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Level 1: Overview / What is a Game?

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Garage Gamer
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Level 1: Overview / What is a Game?

Intro

And we are off! Welcome everyone to the BGDF Game Design Concepts Course. I am the moderator/organizer for the course Garage Gamer. I am glad to start this adventure with everyone and hope we get a lot out of it.

Format (aka whats going to happen?)

Each week I am going to post a thread just like this one for the discussion of the course content. Here we will be able to discuss any thoughts or questions about the course content as well as the "homeplays". My suggestion is to try and write at least one paragraph about something that do did learn or might not have know or found interesting (even if you don't share it here). For discussion on the design task(s) that are given each week, I will make a separate thread.

One last thing about the format, when there is a task that involve groups, I will let you guys find your own partner(s) but I will also make a separate post called: "Level X: Looking for Group" for the unassigned.

Content

There are two posts to read this week:

Syllabus and Schedule

Level 1: Overview / What is a Game?

Please note that the times and dates for the scheduled as listed are not correct. Week 1 will be from the 15th of December to the 21st of December. Week 2 will start from the 22nd through to the 28th etc.

I would really like to hear what you guys think about the "homeplays" and the other content covered this week. Discussion ensues bellow (I will be posting after we get a few replies).

xenosus
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I haven't had a chance yet to

I haven't had a chance yet to check what the "homeplays" entail, but there are several games here if we need to play anything together that is available in the site.

[edit]
Ok, just read it, homeplay is really just homework. But still, if we need to play something together, that site is nice.

DifferentName
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Homeplork

Haha. Yeah, disappointing to see that homeplay is just homework, right? Maybe in other weeks it will have more play in it.

I read the course (but not the readings linked in it). So there's a lot of talk about what is a game. I think i'm pretty inclusive about what I consider to be a game, but I kind of don't include the simplest of "race to the end" games, like candyland. When all you do is roll a die or draw a card, then do what it says, no decisions are being made.

Maybe the key is if the activity includes some kind of challenge. For a young enough child, it could be a challenge to simply move to the correct color, or move the correct number of spaces. A challenge just to follow a simple rule. The choice of a child is whether to follow the rules or not. But as you grow up, there's no more challenge, and no decisions being made, so it kind of ceases to be a game.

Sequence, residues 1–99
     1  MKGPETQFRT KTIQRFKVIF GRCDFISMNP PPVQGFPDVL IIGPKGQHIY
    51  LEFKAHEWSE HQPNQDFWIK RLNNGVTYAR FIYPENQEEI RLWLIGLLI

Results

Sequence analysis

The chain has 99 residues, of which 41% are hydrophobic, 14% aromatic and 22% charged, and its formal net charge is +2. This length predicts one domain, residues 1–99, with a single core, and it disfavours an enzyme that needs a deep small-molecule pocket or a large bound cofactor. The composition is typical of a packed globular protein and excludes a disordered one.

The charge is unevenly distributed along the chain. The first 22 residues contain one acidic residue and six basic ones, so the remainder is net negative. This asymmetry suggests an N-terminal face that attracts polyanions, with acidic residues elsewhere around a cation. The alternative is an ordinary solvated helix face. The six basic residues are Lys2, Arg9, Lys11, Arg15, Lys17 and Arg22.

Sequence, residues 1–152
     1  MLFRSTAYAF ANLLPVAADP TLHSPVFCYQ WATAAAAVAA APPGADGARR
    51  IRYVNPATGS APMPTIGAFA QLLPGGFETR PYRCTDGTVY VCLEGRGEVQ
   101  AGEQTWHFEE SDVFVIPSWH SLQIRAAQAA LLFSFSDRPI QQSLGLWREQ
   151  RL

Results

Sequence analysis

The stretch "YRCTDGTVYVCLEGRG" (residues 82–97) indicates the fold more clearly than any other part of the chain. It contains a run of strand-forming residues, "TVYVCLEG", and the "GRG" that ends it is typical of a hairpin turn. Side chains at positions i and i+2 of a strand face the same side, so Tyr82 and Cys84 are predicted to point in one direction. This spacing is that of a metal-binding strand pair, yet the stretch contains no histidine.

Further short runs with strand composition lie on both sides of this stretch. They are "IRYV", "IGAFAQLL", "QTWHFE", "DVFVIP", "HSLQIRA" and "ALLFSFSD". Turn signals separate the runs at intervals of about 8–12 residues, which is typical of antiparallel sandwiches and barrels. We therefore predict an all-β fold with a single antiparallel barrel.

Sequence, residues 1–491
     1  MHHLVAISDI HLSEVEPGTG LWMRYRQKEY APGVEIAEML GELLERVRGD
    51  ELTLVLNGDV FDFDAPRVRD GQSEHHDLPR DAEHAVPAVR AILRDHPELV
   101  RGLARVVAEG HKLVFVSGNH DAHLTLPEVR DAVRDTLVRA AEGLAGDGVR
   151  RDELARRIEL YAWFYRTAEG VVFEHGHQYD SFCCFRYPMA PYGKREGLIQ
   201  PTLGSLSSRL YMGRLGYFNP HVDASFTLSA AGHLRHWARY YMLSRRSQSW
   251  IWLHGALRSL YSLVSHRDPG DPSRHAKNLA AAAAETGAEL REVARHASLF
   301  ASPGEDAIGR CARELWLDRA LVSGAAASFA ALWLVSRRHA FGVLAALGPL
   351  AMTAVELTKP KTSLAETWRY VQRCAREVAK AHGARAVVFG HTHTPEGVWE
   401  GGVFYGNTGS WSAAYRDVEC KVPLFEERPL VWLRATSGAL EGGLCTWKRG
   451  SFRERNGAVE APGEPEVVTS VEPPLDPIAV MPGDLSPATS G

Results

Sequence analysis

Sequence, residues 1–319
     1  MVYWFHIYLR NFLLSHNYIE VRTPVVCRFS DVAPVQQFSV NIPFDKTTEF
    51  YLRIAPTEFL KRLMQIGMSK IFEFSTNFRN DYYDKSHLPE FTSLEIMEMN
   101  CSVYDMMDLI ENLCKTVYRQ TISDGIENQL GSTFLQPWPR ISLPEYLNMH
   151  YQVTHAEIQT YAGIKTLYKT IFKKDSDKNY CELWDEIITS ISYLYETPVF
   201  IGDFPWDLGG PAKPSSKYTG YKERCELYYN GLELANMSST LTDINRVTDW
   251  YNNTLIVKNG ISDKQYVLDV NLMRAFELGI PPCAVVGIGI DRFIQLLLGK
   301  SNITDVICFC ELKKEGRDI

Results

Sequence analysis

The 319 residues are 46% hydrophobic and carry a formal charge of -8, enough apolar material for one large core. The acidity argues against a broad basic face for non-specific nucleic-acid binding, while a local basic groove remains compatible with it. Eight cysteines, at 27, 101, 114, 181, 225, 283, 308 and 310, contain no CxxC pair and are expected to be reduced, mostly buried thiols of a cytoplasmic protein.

DrFro
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Costikyan Article

I just finished reading the Costikyan Article (the first article of our "Homeplay"), and found it fascinating to read his perspective on gaming - especially considering that the article was written in 1994! (It helps that I can clearly remember what gaming culture was like back then...not to date myself or anything...) A few interesting points:

• His definition of "cooperative game" seems quite different than how we define it today. I believe he is referring to the 1970s movement that was trying to remove all elements of competition from a game (damn hippies! lol), rather than today's games which pit the players against the game system itself. There is still plenty of competition in today's cooperative games - just not between the individual players.

• He appears to be quite the prophet when discussing the advent of online gaming as a vehicle for socialization! I wonder what Costikyan would say about XBox Live or World of Warcraft?

• He makes an offhanded remark about Candyland, and how it does not meet the "game definition" of providing decisions - same as DifferentName's comment. It seems that "race to the end games" frequently test the common definitions of games.

I enjoyed the read for the most part. I personally don't have much of an issue doing the "Homeplay," but then again I am a professor...so maybe I'm simply happy not having to grade the homeplay! Also, it does look like future modules will have us actually designing games, rather than just readings. Things to look forward to!

DrFro
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Understanding Games Episodes

Just a quick follow-up - the "Understanding Games" modules are a ton of fun, and provide some pretty good examples to follow. Don't dismiss them - you will definitely miss out!

EDIT: Admittedly, a few of the lessons feel far more geared towards computer games than board games - especially lesson 3 - although the principles discussed can be applied in certain situations.

let-off studios
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Costikyan article

STRUGGLE
One of the stand-out segments of the article for me was the notion of Struggle: the idea that there are goals to attain, and the player will not simply have the goal handed to them. This filters into many decisions as a designer, and for me one of the critical components to whether or not I think a design is well done.
- Ensuring that all decisions the player makes are worthwhile, engaging, and meaningful ones. Decision points that aren't are automated or take much less time.
- Applies to how a theme adds meaning to the mechanics of a game: why choose one tactic over another? Why go through these motions?
- Develop the 'dynamics' (to use the term described in the Challenges for Game Designers text) to facilitate interaction and cooperation/competition between players and/or the game system